Ten artists from across the Gulf have been nominated for the second Richard Mille Art Prize. The full list can be found here.
Work by the artists is on show at Louvre Abu Dhabi until 19 March and the winner will be announced 20 March.
Sidelines, the work that Manal AlDowayan has chosen to exhibit in the Louvre Abu Dhabi, was made in 2017 and originally commissioned by the Jeddah-based arts initiative 21,39. Woven by Bedouin craftswomen in Saudi Arabia, it contrasts the unique beauty of their craft with the neglect they suffered as they moved away from their migratory lifestyles. “Bedouin women were at the centre of their communities. They would weave the tent, the home, the floor, the walls, then sold and traded these products to bring income into the family. But modernity came in and there have been huge tectonic shifts.”
In the artwork, a large wall of woven fabric hangs on chains that come down from the ceiling of the gallery. Half way to the ground, the weave starts to become broken and disconnected, before splaying out at the bottom. “[The weavers] were quite distressed about the idea of destroying the weave. That was something we did together. Just to symbolise the demise of what it means to be a craftsperson and where they stand in society.”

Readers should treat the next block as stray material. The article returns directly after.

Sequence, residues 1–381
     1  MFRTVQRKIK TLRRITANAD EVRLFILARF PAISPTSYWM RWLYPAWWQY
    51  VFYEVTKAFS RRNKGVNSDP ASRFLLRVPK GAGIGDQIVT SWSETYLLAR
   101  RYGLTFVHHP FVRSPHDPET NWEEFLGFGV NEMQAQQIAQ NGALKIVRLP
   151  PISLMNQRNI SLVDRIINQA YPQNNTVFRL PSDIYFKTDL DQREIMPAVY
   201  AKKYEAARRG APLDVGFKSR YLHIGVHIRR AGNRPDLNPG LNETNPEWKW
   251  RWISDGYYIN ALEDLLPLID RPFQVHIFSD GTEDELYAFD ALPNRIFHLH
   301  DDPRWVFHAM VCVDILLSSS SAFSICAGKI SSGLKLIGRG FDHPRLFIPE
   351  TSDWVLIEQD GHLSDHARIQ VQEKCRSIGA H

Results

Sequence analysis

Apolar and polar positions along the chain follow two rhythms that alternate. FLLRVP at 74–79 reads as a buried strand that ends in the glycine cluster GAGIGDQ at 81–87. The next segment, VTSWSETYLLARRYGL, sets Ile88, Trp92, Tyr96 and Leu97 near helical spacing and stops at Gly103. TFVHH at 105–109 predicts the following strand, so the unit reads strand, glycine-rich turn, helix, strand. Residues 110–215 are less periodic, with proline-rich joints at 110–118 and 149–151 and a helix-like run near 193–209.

Sidelines is arranged in a spiral and visitors can walk into the centre, where they will find themselves surrounded by the thick, woven walls. AlDowayan hopes this will provide a moment of reflection where visitors can engage with the meaning of the work. “A lot of my works are like that. They find the moment when you move from aesthetics and beauty to the concept and its harshness.”
With a career spanning 20 years, AlDowayan (born in 1973 in Dhahran, Saudi Arabia) is one of the best-known contemporary artists from her native country, with works in collections around the world. She worked for oil company Saudi Aramco for ten years, where she joined the company’s art group and held exhibitions of her work. But when they wouldn’t allow her to study art further, she left to pursue a full-time career as an artist. She moved to Dubai, which offered a “global stage”, before coming to London to study at the Royal College of Art.
AlDowayan has seen seismic change in the art scene in the Gulf and is excited about the boom in museums in Saudi Arabia. She has been holding back some of her most important work for institutions in her home country: “It’s very important that my work stays here so that my grandchildren can go and visit.”